Automatic Speech Recognition from Neural Signals: A Focused Review
ECoG and audio data are recorded at the same time. Speech decoding software is then used to determine timing of vowels and consonants in acoustic data. ECoG models are then trained for each phone individually by calculating the mean and covariance of all segments associated with that particular phone.
© Copyright Policy
Related In: Results  -  Collection

License
Show All Figures
getmorefigures.php?uid=PMC5037201&req=5

Figure 1: ECoG and audio data are recorded at the same time. Speech decoding software is then used to determine timing of vowels and consonants in acoustic data. ECoG models are then trained for each phone individually by calculating the mean and covariance of all segments associated with that particular phone.
Mentions: In our experiment, patients were asked to read out texts that were shown on a computer screen in front of them. Texts included political speeches, fan-fiction and children rhymes. While the participants read the text, ECoG data and acoustic data were recorded simultaneously using BCI2000 (Schalk et al., 2004). All patients gave informed consent to participate in the study, which was approved by the Institutional Review Board of Albany Medical College and the Human Research Protections Office of the US Army Medical Research and Materiel Command. Once the data was recorded, we used ASR software (Telaar et al., 2014) to mark the beginning and ending of every spoken phone. See Figure 1 for a visualization of the experiment setup.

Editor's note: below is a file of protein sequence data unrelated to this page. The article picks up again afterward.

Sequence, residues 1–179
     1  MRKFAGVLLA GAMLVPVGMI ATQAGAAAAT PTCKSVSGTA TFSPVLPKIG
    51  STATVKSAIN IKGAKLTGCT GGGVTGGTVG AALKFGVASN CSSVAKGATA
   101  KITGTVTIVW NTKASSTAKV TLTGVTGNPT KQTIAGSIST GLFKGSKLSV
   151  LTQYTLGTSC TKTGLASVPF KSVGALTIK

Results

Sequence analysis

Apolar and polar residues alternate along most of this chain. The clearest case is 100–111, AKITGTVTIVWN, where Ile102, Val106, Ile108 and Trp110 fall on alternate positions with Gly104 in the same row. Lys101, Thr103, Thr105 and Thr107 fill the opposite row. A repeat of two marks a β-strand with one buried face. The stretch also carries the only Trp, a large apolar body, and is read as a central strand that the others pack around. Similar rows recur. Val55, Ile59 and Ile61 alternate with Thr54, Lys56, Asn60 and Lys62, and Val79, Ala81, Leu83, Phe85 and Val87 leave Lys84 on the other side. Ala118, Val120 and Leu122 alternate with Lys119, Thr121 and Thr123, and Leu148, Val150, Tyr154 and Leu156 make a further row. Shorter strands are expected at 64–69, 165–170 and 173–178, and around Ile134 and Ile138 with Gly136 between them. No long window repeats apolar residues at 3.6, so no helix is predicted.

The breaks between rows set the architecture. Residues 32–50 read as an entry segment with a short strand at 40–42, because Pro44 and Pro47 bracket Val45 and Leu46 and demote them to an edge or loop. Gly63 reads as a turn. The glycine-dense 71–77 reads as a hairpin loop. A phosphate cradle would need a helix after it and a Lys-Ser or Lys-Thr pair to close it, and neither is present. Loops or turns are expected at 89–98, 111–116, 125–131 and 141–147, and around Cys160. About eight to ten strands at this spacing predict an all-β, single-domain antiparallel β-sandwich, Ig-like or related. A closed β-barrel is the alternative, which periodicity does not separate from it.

View Article: PubMed Central - PubMed

ABSTRACT

Speech interfaces have become widely accepted and are nowadays integrated in various real-life applications and devices. They have become a part of our daily life. However, speech interfaces presume the ability to produce intelligible speech, which might be impossible due to either loud environments, bothering bystanders or incapabilities to produce speech (i.e., patients suffering from locked-in syndrome). For these reasons it would be highly desirable to not speak but to simply envision oneself to say words or sentences. Interfaces based on imagined speech would enable fast and natural communication without the need for audible speech and would give a voice to otherwise mute people. This focused review analyzes the potential of different brain imaging techniques to recognize speech from neural signals by applying Automatic Speech Recognition technology. We argue that modalities based on metabolic processes, such as functional Near Infrared Spectroscopy and functional Magnetic Resonance Imaging, are less suited for Automatic Speech Recognition from neural signals due to low temporal resolution but are very useful for the investigation of the underlying neural mechanisms involved in speech processes. In contrast, electrophysiologic activity is fast enough to capture speech processes and is therefor better suited for ASR. Our experimental results indicate the potential of these signals for speech recognition from neural data with a focus on invasively measured brain activity (electrocorticography). As a first example of Automatic Speech Recognition techniques used from neural signals, we discuss the Brain-to-text system.

No MeSH data available.